Not everyone was pleased to see us, or wanted to give, and that was fine. I regard it as an excuse to knock on doors and chat with the residents and invite them to give to an excellent charity.  I had some lovely conversations and a big beaming smile of recognition from one young girl - "You're from 'Open the Book', aren't you!" she announced.  I also met some people i know. I also discovered that a member of our church lives in that road, and it was a lovely surprise when she opened her door. I love it when the different strands of life get woven together.

I was greatly encouraged by people's willingness to give, but also to give permission not to give to those who were not able to for any reason.  There is also the apparent randomness of the people you meet. Before you go, you have no idea who will be at home, and no matter how many times we went back, we would still miss some folks.  We now have a "sorry we missed you" slip, which we put through letterboxes where we got no response, at least 3 of these prompted people to call after us.

Going knocking on doors is a step of faith. You never know who is going to answer, or what they will say.  However, it is wonderful opportunity to connect with the local community, and a very positive experience.  If you get the chance, join in with Christian Aid collecting.  The time to sign up for Christian Aid week 2015, will soon be here!

Saturday, 10 May 2014

Christian Aid


Years ago, a well meaning person thrust a collecting box in my hand and said, 
"Just the job for you!  
Can you collect money for the Church Army in the town centre on Saturday? 
Excellent!"  
Before I had gathered my wits enough to decline this unexpected opportunity, 
they had moved on, leaving  me with a collection tin and a feeling of impending doom.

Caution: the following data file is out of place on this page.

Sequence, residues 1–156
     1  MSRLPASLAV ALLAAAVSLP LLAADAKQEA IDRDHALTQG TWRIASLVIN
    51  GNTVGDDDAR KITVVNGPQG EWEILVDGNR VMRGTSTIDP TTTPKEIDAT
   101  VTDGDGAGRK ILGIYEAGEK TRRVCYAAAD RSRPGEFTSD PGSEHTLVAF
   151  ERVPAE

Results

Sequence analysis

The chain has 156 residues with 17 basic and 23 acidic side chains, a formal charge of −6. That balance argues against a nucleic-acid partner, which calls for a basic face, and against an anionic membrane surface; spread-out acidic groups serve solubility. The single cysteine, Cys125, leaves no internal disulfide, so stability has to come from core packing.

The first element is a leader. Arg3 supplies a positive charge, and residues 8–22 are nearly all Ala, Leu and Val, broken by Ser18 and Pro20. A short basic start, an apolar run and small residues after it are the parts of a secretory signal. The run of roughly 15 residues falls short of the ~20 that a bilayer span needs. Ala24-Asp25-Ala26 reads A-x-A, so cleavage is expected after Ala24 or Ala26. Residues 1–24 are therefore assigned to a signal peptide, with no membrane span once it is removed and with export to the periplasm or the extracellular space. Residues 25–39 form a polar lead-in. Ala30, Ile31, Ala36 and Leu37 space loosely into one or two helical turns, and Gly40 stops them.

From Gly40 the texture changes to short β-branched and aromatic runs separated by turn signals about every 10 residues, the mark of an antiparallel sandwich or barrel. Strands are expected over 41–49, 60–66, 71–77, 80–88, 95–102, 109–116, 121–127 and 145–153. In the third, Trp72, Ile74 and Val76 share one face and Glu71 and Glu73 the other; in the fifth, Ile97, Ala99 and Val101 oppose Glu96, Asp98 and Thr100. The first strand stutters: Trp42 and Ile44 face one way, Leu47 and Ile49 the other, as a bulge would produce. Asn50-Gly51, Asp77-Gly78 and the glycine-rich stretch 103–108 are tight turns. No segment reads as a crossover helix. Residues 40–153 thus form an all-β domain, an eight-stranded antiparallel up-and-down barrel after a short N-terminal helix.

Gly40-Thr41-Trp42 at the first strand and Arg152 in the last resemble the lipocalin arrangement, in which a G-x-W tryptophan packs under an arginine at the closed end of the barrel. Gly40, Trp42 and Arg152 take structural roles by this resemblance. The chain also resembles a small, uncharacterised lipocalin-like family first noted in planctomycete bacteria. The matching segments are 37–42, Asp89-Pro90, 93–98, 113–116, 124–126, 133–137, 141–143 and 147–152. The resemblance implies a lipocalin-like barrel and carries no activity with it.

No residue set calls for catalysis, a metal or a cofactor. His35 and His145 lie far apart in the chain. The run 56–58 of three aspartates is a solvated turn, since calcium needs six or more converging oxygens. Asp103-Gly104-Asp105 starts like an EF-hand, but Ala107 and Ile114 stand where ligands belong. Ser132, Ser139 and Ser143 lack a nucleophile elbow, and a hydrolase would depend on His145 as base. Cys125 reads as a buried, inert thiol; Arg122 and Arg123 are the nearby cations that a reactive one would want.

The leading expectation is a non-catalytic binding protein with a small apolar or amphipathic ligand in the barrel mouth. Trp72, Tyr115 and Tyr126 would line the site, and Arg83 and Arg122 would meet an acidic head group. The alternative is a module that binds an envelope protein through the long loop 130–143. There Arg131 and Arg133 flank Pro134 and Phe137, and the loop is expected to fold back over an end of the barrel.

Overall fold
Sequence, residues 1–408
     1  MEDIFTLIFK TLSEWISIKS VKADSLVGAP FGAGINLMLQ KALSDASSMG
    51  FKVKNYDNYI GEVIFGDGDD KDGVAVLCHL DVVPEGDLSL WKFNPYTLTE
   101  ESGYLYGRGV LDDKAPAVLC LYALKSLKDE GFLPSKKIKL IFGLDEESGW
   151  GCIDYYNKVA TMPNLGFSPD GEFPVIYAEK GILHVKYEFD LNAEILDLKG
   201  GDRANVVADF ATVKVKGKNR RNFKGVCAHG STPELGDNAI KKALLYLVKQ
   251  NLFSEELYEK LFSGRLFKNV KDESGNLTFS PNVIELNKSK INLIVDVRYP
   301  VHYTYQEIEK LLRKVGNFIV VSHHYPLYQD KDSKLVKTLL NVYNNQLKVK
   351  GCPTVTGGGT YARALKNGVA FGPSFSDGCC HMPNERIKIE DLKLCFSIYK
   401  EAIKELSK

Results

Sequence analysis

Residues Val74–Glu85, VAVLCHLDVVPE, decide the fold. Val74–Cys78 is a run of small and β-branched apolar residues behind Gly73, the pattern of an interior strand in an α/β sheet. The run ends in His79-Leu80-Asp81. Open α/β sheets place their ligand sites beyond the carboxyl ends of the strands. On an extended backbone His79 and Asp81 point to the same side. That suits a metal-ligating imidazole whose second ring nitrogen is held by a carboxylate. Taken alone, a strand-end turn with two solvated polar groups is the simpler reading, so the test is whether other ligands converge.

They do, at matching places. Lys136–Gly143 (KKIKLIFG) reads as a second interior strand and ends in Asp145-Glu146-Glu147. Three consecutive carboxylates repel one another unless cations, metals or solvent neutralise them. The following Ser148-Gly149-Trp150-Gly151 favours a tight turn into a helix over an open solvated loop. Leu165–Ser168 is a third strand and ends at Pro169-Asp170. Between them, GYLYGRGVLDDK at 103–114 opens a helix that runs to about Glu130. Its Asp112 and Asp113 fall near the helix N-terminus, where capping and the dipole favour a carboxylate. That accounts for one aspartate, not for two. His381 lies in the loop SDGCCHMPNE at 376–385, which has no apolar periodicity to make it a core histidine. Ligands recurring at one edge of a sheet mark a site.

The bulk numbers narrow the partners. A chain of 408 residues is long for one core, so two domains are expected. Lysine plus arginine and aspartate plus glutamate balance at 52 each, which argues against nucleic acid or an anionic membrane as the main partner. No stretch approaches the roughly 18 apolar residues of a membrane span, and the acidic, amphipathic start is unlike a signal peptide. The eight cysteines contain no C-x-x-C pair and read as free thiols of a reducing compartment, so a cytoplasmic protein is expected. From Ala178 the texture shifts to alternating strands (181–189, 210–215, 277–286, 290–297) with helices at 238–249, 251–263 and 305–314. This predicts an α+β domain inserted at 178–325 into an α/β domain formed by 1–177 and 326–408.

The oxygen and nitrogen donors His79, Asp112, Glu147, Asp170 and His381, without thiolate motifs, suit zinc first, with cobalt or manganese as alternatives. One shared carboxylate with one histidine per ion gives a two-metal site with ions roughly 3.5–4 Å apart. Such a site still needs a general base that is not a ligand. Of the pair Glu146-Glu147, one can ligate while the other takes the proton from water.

An obedient Anglican, I duly went and stood in the town centre.  
I didn't know the charity.
The shoppers didn't know the charity.
People didn't give,
or if they did it was because they felt sorry for me.
I was a flag day failure.
I handed my pot in 
and explained I hadn't done very well.
They said that it didn't matter..
that taking part and trying was more important.
And deep inside, 
something died.
I vowed never, 
ever, 
ever 
to collect again.

A couple of years later, I tried collecting for Christian Aid, 
because I thought I should.
Some people gave.
Others were rude.
But I felt I compelled to take part.
So I knocked on the doors, 
and hoped the people would be nice,
and not blame me for their life,
the state of the world
or the disastrous government policies.

Just a few years ago
I heard someone say 
that  Christian Aid week was ONE opportunity in the year 
for Christians to knock on the front door of every home in the country.
My heart was changed.
I do not mind if they give 2p, or don't give at all.
I am knocking on their doors, 
saying hello 
and inviting them to join in with the work of the church, 
Christ's presence, 
here on earth.
I am a volunteer who understands, what they am doing,
and as I walk up each path and knock each door,
and notice how the neighbourhood has change over the year, 
I will pray for the people who live in that home, 
for it is for them, 
as well as those on the other side of the globe, 
that I am sent.

Thursday, 1 May 2014

The Pilchard Plot


Keep striving, 
reaching higher.
Stay up later.
Travel farther.
Push boundaries, 
to see if they will topple or s-t-r-e-t-c-h.

We watch, wonder, worry.
What do we let go, and what do we rein in?
We delight in the independence,
whilst secretly mourning the loss of dependence.

Then the day comes, when you find something carefully placed on the top shelf of a fridge/freezer.  
A shelf you don't use from choice, because it is difficult for you to reach.
The first time you assume that it is a mistake and move it lower down the fridge.
When it happens again, 
you understand the declaration of independance.
"I am using the top shelf just because I can!"
and you smile, 
because you silently rejoice in this small triumph,
and recognise the perfect placing of the pilchard pot
as another stage on the route to maturity.